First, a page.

By Lauren Smith

Updated: 22 May 2023 & medically reviewed by Dr. Kimberly Langdon

Germany intends to make it legal for adults to purchase and possess up to 30 grams (1 ounce) of cannabis for recreational use, a shift that could set precedent for the rest of Europe.

Germany Unveils Plan to Legalize Recreational Marijuana

“The most liberal project to legalise cannabis in Europe”

German health minister Karl Lauterbach said the country’s current cannabis ban “had no evident success.” 

Over four million people in Germany used marijuana at least once in the previous 12 months, with 25% of them aged 18 to 24. Concerns have been raised about the impact of cannabis, particularly highly potent strains, on the developing brains of adolescents and young adults.[1] 

Through legalization “we don’t want to expand cannabis consumption but to improve the protection of youth and health,” Lauterbach said.

The proposed laws would be “the most liberal project to legalize cannabis in Europe but also the most regulated market,” he added.

Under the proposals, it would be legal to purchase and own a maximum of 20 or 30 grams of cannabis for recreational use and use it privately or in public. Germans would also be able to cultivate up to three cannabis plants.

Cannabis would be sold in licensed establishments such as pharmacies. Advertising would be prohibited and products would be sold in the neutral outer packaging. Cannabis edibles, such as gummies and baked goods, likely wouldn’t be included. This is also true for high THC-containing cannabis concentrates such as shatter

The German government is unlikely to introduce a sweeping cap on the products’ percentage of THC, the main psychoactive ingredient in cannabis. However, 18- to 23-year-olds may only be able to buy less strong cannabis.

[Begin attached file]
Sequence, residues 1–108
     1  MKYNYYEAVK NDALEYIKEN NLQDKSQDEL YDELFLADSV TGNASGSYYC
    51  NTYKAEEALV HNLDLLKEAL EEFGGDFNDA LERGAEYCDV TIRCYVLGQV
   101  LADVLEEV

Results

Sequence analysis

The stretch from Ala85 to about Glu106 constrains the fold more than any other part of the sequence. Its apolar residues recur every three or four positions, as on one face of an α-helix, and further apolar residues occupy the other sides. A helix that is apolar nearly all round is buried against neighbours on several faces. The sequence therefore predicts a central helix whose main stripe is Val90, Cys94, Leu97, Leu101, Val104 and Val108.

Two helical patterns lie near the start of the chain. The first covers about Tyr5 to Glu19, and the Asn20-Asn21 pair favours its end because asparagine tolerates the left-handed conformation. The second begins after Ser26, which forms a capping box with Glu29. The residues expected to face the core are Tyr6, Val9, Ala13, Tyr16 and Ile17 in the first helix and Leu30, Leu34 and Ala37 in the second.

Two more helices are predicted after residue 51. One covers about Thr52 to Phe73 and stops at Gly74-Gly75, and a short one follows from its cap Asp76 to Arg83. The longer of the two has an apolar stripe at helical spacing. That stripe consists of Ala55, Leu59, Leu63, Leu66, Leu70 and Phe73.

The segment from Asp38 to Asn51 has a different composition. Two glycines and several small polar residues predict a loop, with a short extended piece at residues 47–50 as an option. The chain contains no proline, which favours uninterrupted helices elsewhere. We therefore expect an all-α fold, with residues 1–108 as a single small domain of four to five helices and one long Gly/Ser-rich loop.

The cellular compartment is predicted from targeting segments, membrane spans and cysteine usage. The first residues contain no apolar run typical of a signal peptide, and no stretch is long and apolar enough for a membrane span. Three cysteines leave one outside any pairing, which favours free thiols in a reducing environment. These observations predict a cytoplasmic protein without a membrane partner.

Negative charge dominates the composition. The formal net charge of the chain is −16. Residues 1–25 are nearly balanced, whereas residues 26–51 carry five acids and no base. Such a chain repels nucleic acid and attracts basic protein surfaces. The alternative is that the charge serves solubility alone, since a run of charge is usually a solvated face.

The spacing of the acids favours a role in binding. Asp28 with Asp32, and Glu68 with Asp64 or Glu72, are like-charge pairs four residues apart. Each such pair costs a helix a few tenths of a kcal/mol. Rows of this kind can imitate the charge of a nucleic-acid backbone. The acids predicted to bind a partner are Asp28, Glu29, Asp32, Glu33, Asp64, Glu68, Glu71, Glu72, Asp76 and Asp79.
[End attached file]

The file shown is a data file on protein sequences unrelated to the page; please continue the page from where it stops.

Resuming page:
The government would also develop cannabis education and abuse prevention programs. Ongoing investigations and criminal cases related to cannabis use now legal would be suspended.

Additionally, a special consumption tax would be levied on cannabis. With these tax revenues and cost savings, legalization would hand the German government a €4.7 billion boost.

Timeline for legalization

Chancellor Olaf Scholz’s coalition government announced its intention to legalize recreational cannabis when it came to power late last year. However, the plans were slowed by worries that legalization might violate EU law and could be thrown out by European courts.

To mitigate the risk of a legal challenge, German will submit an outline of its legalization plans to the European Commission. If Brussels suggests the proposals aren’t compatible with EU law, the German government won't proceed. But with a green light from the European Commission, a draft of the saw could be presented to the Bundestag in early 2023 and could come into force in 2024.[2]

In the European Union, only Malta has legalized cannabis for recreational use. However, medicinal use is permitted in more than 20 European countries, including Germany since 2017.

In the Netherlands, the sale of small quantities of cannabis is permitted in coffee shops. Lauterbach dismissed the Dutch model, which he said “combined two disadvantages: liberal use but not a controlled market." 

“What we have learned from the Dutch experience is that we don’t want to do it that way. We want to control the entire market,” he said.